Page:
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Toledo crosses the border

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Jopse Toledo, second from the left, and undocumented immigrants TAMPA ATTORNEY JOSÉ TOLEDO, second from the left,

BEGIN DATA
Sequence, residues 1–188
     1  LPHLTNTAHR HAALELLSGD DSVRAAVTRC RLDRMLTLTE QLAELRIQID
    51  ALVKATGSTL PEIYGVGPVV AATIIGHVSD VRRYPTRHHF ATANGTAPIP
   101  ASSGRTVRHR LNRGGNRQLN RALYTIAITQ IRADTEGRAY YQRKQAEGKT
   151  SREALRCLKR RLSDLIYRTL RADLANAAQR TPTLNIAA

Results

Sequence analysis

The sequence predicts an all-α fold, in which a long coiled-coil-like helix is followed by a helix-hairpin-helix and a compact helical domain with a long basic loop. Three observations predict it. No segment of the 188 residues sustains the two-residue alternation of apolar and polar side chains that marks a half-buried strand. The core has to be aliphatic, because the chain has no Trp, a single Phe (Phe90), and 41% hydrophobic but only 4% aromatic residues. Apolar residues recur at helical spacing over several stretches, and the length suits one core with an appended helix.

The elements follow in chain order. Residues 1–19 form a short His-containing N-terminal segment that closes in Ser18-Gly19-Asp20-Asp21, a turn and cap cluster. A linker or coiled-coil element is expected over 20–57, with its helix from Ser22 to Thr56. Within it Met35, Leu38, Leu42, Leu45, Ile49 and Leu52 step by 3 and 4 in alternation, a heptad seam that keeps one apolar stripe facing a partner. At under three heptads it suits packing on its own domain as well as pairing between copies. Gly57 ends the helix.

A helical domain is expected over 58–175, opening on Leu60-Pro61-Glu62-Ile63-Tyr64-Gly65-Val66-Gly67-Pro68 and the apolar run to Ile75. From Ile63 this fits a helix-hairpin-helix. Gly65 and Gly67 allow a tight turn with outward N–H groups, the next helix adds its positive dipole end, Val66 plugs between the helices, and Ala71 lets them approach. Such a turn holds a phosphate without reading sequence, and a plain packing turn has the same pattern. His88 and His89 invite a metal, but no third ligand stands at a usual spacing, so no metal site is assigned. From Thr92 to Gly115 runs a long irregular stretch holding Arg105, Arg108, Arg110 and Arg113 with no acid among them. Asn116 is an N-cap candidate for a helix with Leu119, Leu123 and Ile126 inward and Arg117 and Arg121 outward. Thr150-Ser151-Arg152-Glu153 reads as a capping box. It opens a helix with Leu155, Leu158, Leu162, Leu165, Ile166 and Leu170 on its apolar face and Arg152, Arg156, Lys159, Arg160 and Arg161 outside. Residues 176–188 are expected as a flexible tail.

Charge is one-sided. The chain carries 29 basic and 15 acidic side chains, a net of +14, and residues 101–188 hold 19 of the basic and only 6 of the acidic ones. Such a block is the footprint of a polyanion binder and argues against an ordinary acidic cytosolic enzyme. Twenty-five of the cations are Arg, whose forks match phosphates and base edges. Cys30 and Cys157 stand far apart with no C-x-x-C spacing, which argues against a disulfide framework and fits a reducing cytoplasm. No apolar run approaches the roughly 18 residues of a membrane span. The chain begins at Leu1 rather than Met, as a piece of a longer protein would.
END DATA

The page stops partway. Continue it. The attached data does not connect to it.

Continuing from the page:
set out on his own to see the people crossing the border from Mexico into the U.S. A church had referred an unaccompanied minor to him, and he took the case pro bono, describing his 10-year-old client as walking by himself from Honduras because he had been bullied by the gangs and if he didn’t join, they would kill him. “I am doing it on my own. I’m willing to help any of these children,” Toledo said. “I have five children. I would have a hard time telling any of them, ‘You have to go cross through these countries on your own.’ But they are so desperate, and this was the only way.. . . I’m of Cuban descent and it reminds of the Pedro Pan movement, which was spearheaded by the [Catholic] Church. I would welcome any help from any organization.” In his three days witnessing those crossing the border, Toledo met a group of Central American immigrants staying at The House of the Immigrant, in Mexico, run by the Catholic Church. “They were there to rest and eat and get some shelter. They were going to make their way north through McAllen, Texas,” Toledo said.

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